At $850 Million, BuzzFeed Value Tops Big Papers’
BuzzFeed raised $50 million on a bet its mix of everything from animal lists to serious news is more valuable than the coverage produced by established media like the Washington Post and Los Angeles Times.
The investment from venture-capital firm Andreessen Horowitz propelled BuzzFeed’s valuation beyond those traditional big-name publications to about $850 million, according to The New York Times. While that’s about half the market capitalization of the Times itself, it’s in line with other Web startups at about seven times annual revenue, according to Paul Sweeney, an analyst at Bloomberg Intelligence. (Bloomberg LP, the parent of Bloomberg News, is an investor in Andreessen Horowitz.)
Andreessen Horowitz joins BuzzFeed investors Hearst Corp., SoftBank and New Enterprise Associates in wagering that the site can rank among the titans of media. BuzzFeed uses technology to help come up with ideas for articles that will attract readers, and it has connected with advertisers because it creates sponsored stories for their brands — promoting Pepsi, for example, with animated images about staying cool in the summer.
BuzzFeed said last week that the funding will let the company expand to Mumbai, India; Mexico City; Berlin and Tokyo and convert its video division into BuzzFeed Motion Pictures, which will focus on everything from animated online images to feature- length films.
“We are very excited to work with everyone at BuzzFeed to help them realize their dreams of a profoundly important new media institution,” Marc Andreessen, co-founder of Andreessen Horowitz, said on Twitter. The company’s opportunity is “effectively unbounded,” he said.
At the end of last year, the company had forecast revenue of as much as $120 million in 2014, people familiar with the matter said at the time. Ashley McCollum, a BuzzFeed spokeswoman, said she couldn’t confirm the valuation.
The startup, which has more than 500 employees, is profitable, Chief Executive Officer Jonah Peretti said in September 2013. With the new investment, BuzzFeed has garnered almost $100 million in funding since the company debuted in 2006.
While Buzzfeed’s valuation may outrank the Washington Post’s $250 million or the $493 million market cap of Los Angeles Times owner Tribune Publishing Co., it’s still a relative dwarf in the technology landscape. Facebook agreed to buy WhatsApp, the text-messaging service, for $19 billion in February, and to spend another $2 billion on Oculus VR, a virtual-technology company, a month later.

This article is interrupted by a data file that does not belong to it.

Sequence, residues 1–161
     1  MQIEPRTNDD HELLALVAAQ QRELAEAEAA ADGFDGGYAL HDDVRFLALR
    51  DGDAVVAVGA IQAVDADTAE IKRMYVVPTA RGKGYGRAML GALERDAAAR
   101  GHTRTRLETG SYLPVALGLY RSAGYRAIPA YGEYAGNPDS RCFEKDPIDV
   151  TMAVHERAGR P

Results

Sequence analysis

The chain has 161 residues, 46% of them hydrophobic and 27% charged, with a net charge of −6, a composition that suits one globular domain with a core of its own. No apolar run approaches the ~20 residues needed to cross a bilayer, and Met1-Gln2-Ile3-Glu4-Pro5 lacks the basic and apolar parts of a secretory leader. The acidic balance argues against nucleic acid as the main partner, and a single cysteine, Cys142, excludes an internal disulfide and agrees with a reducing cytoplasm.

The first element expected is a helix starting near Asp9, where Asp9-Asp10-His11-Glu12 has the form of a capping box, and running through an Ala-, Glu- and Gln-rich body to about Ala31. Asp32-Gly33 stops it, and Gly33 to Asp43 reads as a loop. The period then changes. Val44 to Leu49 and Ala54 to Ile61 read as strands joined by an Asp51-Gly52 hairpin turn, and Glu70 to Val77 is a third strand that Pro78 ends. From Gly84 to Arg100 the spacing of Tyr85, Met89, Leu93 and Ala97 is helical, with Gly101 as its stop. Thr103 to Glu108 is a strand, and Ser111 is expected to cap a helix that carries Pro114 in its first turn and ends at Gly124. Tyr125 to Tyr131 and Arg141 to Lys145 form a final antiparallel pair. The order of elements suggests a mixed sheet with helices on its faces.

The startup hasn’t been without controversy and last month fired writer Benny Johnson after finding 41 instances of sentences or phrases copied word for word from other sites. The matter was brought to BuzzFeed’s attention after Twitter users began pointing out examples of what appeared to be plagiarism, it said.
BuzzFeed relies on Twitter, Facebook and other social networks to spread its articles and videos. Its coverage includes everything from weighty political journalism and long-form stories that rival traditional publications to autocorrect mishaps and quirky photo lists, such as “10 Pieces Of Proof That Shar-Peis Are Actually Fuzzy Land Manatees.”
The site’s traffic has lured big-name advertisers like General Electric and Toyota. Traditional news organizations including The New York Times, which had been relying on banner ads, are now mimicking BuzzFeed’s sponsored content, though critics such as HBO’s John Oliver have said the practice blurs the lines between news and advertising.
At the same time, BuzzFeed has gained credibility by hiring top journalists away from their established media organizations. The company brought in Ben Smith, a Politico reporter, as its editor-in-chief in 2011. Since then, the site has hired away journalists such as Mark Schoofs, a Pulitzer Prize-winning reporter at ProPublica, and Lisa Tozzi, a New York Times reporter who covered the Sept. 11 terrorist attacks and Hurricane Katrina, among other stories.